The Convex Arc is described in the 2,951,014 registration as follows:

The mark consists of the shape of the front face of a washroom product, the front face having a convex "arc" shape as viewed from above. The height of the front face is exemplary only and can be taller or shorter depending on the product. The matter shown in broken lines is the portion of the product that is not claimed as part of the mark, which includes any openings, windows, locks or other components in the front face of the washroom product.

In 2010, Defendant introduced its "Roval" line of products, which also features products with a curved front face. Plaintiff claims that these products infringe its registered trademark in the Convex Arc design, as well as the unregistered trade dress associated therewith. In particular, the unregistered trade dress claimed by Plaintiff is comprised of the Convex Arc combined with the following five product features: (1) cabinets and doors including rounded edges and corners which match one another, and which are curved to complement the Convex Arc; (2) recessed cabinet flanges including rounded edges and corners which are curved to complement the Convex Arc; (3) partially exposed flanges behind the doors; (4) partially exposed flanges behind the waste receptacles; and (5) outward-facing surfaces formed of #4 satin finish stainless steel (collectively, the "Unregistered Trade Dress"). (See Plaintiff's Supplemental Proposed Findings of Fact, ¶ 17).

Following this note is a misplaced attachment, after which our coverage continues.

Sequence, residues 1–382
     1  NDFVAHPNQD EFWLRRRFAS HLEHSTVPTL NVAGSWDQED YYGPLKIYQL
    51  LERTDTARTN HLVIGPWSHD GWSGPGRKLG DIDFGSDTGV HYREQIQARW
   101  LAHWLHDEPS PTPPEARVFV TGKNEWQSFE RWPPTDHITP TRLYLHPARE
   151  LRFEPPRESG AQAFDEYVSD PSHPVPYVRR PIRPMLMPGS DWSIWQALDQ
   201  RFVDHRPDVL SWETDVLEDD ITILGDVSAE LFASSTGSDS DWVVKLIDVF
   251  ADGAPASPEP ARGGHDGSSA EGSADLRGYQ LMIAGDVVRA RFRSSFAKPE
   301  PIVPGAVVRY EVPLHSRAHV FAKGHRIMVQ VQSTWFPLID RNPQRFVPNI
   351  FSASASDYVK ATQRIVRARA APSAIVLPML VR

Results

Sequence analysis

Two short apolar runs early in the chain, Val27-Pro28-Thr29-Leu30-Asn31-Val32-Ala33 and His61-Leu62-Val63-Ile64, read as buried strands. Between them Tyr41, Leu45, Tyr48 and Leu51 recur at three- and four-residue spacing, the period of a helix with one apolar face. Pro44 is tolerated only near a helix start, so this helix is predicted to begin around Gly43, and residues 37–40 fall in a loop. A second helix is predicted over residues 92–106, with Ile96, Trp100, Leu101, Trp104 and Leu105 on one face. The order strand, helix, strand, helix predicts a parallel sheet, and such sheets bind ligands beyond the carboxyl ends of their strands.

III. SPOLIATION

Before reaching the merits of this dispute, the Court first will address Plaintiff's request for sanctions in connection with Defendant's discovery-related misconduct and alleged spoliation of relevant evidence.

A. Background

On October 14, 2011, Plaintiff filed its Sixth Motion in Limine, seeking an Order (1) requiring Defendant to preserve and produce evidence; and (2) for spoliation sanctions in connection with Defendant's failure to institute an appropriate litigation hold notice and its repeated failure to produce relevant emails and other electronic documents requested by Plaintiff. (Dkt. 206). Defendant initially opposed the motion, arguing that it had fully complied with its discovery obligations. (See Dkt. 226). On the third day of trial, however, Defendant's counsel formally withdrew Defendant's Opposition to the motion, stating that he had discovered (the previous evening) that the Opposition contained several inaccurate representations. (See Dkt. 256). At that time, Defendant's counsel conceded that Defendant had failed to produce (or even search for) relevant emails and other electronic documents for numerous key employees.